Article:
A genetic test involves

A genetic test involves
looking for an alteration in a gene,

which are the building blocks
of information

that tell us how we grow and develop.

There can be lots of different reasons

why people may wish
to have a genetic test.

It depends on the clinical situation.

So, broadly speaking, genetic tests
could be defined in three categories.

A diagnostic test is usually undertaken

where there may be a clinical suspicion
of an underlying genetic condition,

for example it may help then
to provide information

about surveillance or early intervention

and, particularly in a child,
potentially some treatment options.

A presymptomatic test
is usually undertaken

for a known genetic condition
in the family,

where the test is undertaken
after full counselling

in an individual who is healthy.

The test can give information

that if that individual
has inherited the gene,

they may develop the condition
at some point in the future.

Carrier testing is to establish

if an individual
carries one copy of a gene.

Individuals who are carriers
are generally healthy,

but if people are shown to be carriers

it may well have reproductive
implications for them in the future.

Having a test for a genetic disorder
is a purely voluntary decision.

It is a very personal decision.

It is recognised
that many, many patients

choose not to have a test
and live without knowing,

so we are here
to support those decisions as well.

As part of the consultation

the clinician
would go through the details

of what the testing would involve,

so they would explain
what the outcome of a test might mean,

what are the implications
of a positive test,

whether that's something
that the patient wishes to know,

the level of support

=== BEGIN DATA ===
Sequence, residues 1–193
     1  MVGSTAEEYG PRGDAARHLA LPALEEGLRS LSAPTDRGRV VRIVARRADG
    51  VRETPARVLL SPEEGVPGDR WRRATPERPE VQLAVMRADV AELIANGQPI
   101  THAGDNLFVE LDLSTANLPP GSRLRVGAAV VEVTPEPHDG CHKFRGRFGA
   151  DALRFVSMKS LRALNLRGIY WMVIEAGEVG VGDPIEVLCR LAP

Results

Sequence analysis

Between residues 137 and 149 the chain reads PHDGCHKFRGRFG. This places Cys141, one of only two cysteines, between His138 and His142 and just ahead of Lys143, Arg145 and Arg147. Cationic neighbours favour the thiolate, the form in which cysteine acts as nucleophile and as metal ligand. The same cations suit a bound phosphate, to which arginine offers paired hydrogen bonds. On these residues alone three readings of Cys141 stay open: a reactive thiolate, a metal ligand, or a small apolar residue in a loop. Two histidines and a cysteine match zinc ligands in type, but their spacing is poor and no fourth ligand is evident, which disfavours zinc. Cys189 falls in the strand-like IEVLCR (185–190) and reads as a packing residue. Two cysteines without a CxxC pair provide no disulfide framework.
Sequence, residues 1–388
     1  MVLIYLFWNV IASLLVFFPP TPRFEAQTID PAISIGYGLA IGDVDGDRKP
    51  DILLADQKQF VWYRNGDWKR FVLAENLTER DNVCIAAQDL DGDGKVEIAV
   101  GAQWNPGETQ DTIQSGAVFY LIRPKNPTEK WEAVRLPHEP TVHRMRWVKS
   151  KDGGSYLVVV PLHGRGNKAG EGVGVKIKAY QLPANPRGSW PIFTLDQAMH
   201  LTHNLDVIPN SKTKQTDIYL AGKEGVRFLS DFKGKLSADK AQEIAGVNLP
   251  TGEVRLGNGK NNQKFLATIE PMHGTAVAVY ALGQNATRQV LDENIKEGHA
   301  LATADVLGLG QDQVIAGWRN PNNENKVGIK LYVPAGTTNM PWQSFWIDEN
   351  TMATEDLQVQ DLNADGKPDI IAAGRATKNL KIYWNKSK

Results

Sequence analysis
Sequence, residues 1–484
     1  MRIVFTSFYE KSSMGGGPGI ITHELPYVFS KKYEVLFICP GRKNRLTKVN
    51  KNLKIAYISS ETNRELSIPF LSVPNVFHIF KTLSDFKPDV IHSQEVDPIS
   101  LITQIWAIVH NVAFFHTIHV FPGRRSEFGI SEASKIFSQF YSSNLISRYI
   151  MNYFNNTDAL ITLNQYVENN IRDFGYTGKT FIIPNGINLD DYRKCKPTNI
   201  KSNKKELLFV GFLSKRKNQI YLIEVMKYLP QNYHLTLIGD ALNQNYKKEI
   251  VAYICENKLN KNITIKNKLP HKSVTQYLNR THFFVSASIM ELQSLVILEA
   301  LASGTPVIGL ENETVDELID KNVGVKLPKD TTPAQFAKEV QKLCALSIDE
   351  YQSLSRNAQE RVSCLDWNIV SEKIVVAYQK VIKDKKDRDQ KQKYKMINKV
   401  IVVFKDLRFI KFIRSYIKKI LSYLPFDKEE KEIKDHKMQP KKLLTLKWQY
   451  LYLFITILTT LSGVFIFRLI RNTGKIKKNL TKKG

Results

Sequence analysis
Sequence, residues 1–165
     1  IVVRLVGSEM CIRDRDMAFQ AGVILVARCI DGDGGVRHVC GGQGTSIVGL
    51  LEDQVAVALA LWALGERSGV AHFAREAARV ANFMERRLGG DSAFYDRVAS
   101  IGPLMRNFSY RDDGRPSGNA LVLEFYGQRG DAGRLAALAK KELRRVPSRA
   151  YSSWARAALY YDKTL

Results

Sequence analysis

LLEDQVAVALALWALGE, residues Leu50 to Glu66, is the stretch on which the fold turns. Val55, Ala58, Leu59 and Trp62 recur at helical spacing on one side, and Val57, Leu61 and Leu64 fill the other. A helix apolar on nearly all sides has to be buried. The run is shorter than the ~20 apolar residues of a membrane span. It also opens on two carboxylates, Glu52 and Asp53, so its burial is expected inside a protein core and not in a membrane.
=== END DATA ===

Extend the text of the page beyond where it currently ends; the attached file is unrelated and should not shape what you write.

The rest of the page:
that they would require,

what access to services
may be available in the future,

and also of course the wider
implications for other family members.

Many patients request
presymptomatic or predictive testing

because they just want to know.

They wish to have the clarity
to know what is in store for them

but it is often coupled with anxiety,

with fear for what that may hold,

particularly
if they have children already.

But it doesn't stop
with just the result being conveyed.

A clinical service
would be able to provide back-up.

If individuals require access
to further information,

more professional psychological support,

then we can put them in touch
with their local GP or local practices,

so the ongoing support and counselling

is tailored
according to the patient's needs.

The benefits are to provide a diagnosis

and for many individuals
it's removing the burden of not knowing,

so it's providing clarity
about where they stand.

Where a genetic test
provides a clear answer,

it enables more appropriate health
surveillance to be put into place,

it provides access

in terms of appropriate
educational support and social support,

it can clarify some of the avenues
around reproductive options

and increasingly, for a small but
increasing number of genetic conditions,

it also opens up the possibility
of therapeutic or treatment options.